Monday, April 5, 2010

The Path to Michelle...

On our way into the gym on Saturday morning, coffee in hand, I asked Michelle if she knew what she wanted to teach to us ladies at the seminar, she nodded quickly and said, "spider guard". I just about jumped for joy right there because it's one of the aspects I've been admiring about her game for years. Last week, Ryan returned from his first training session with her and immediately informed me that I needed to copy her guard yesterday, lol!

No one at our gym uses spider guard, lots of different varieties of open guard and half guard but very little spidering is involved. Recently, I had been showing some techniques from that position to the women's class because I know it's a piece of the game they will at least need to be aware of, but I know so little about it. So I'm psyched that now, I know a little more. =)

Michelle is so quiet and unassuming that at first you might think she doesn't speak English, but mostly it's that she's just a little shy with new people. After warming up, she shares easily that in the past she has been intimidated going into fights against known tough competitors, although you'd never know it by watching her compete. She told me that this feeling affected her a lot more as a new purple belt when she had to compete in Purple/Brown/Black divisions in Brazil - but she overcame it well, winning the division as a purple belt at the 2004 Mundial before they split and created a separate division for purple belts the next year (which she also won)!

She had been training Capoiera for four years when her instructor moved out of town and suddenly Michelle was in a situation to be looking for a new martial art. This happened around the time she met a young (blue belt) Robert Drysdale and he convinced her to try Brazilian Jiu-Jitsu. Ten years and multiple championship titles later, Michelle funds training full-time through sponsorships and with a stipend from the Brazilian government which she must reapply for each year and will only receive as long as she continues to place at the major tournaments - talk about motivation to succeed.

Michelle gently, quickly, and easily commanded the attention of the chattering bunch and was clear and concise in all movements and descriptions. She went through her A game series from the guard (sweeping and submitting) to passing and submitting from the top, making sure to give various options based on the different movements you may expect from an opponent. Michelle made it seem so effortless, although some of us struggled with the movements with which we were unfamiliar. Quick to correct or praise with an eye for detail on each woman's movements, she made sure we were all on track before moving to the next step. Then she invited each attendee to roll with her for three minutes before the seminar came to an end.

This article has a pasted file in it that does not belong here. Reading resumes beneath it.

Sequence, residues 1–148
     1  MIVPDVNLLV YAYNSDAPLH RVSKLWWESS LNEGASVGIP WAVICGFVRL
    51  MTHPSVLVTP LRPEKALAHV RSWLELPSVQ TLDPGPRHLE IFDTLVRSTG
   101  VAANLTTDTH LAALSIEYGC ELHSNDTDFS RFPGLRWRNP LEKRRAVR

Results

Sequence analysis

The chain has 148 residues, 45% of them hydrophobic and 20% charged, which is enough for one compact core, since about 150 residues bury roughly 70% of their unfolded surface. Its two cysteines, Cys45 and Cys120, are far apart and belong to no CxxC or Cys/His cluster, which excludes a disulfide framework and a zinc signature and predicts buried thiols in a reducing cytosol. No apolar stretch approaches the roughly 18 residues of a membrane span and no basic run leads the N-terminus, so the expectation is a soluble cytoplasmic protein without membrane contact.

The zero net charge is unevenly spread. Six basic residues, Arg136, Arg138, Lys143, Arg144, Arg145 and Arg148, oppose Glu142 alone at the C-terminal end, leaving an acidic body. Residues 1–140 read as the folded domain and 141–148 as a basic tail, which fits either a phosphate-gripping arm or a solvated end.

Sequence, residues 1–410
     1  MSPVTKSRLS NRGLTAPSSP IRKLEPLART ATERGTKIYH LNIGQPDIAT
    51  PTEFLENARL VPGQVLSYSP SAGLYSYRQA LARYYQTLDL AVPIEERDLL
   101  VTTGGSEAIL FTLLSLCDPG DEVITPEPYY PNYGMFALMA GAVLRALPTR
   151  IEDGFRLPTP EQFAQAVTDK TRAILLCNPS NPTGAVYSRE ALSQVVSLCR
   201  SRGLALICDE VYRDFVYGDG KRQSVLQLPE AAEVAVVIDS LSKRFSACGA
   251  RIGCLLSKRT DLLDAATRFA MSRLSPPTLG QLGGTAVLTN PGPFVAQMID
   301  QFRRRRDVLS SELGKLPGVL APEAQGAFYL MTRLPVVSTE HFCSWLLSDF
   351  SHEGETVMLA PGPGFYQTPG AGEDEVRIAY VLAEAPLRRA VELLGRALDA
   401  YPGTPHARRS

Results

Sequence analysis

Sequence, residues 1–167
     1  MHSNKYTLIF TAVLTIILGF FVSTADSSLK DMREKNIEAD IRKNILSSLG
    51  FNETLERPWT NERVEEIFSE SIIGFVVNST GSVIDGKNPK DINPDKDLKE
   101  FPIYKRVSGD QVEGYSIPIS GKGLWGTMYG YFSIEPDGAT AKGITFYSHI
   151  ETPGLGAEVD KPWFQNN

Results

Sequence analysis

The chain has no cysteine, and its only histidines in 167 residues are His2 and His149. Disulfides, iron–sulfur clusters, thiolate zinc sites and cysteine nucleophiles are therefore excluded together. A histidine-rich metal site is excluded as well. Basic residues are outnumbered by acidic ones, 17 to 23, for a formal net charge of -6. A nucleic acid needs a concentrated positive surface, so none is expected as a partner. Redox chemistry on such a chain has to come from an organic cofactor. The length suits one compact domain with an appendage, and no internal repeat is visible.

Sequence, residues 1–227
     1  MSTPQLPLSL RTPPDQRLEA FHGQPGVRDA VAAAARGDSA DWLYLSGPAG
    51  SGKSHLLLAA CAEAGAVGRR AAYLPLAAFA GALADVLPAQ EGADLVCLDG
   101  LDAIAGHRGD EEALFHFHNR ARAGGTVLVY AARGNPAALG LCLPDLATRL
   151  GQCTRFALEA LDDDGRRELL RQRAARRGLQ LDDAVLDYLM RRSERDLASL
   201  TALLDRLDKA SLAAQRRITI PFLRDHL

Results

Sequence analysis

There is an undeniable, yet unclaimed and perhaps unrealized, toughness under Michelle's quick shy smile. Perhaps this is what makes her so endearing to those she comes into contact with. I don’t think a single woman left without feeling as though they had learned some new techniques, succeeded with at least a few of them, and were ready to go out and try it on the men in their academies at home.

One of the great thing about women only events is that there are no fake exteriors or bids for attention. It's all about the art and the desire to improve in it. There is an amazing camaraderie felt with the realization that we are all in it together - from Michelle down to the newest white belt.

As one woman pointed out this weekend, attending one of these events can be intimidating because it strips away the ability to blame a mistake on someone out-sizing or out-muscling you and forces you to come to grips with your strengths and weaknesses head on. This is the one aspect that many BJJ women are missing due to the male dominated environment in our sport. And these occasional women only events are one of the few venues outside of competition that we have to face ourselves. The only possible result can be a positive one in that it helps to raise the level of us all.


  1. Leslie linked to your write up here and I must say, thanks for the biog on Michelle as I was just about to ask if someone had a little more background to her.
    Sounds like you guys had an awesome time and what a privilege to study with an elite grappler. Well done!

  2. I am quite sure I'm not the only guy that wishes Michelle had done a co-ed seminar. Maybe next time she is in town.

  3. Very cool! It would be awesome to meet women who weren't all white belts. I keep hearing they exist. ;)


Note: Only a member of this blog may post a comment.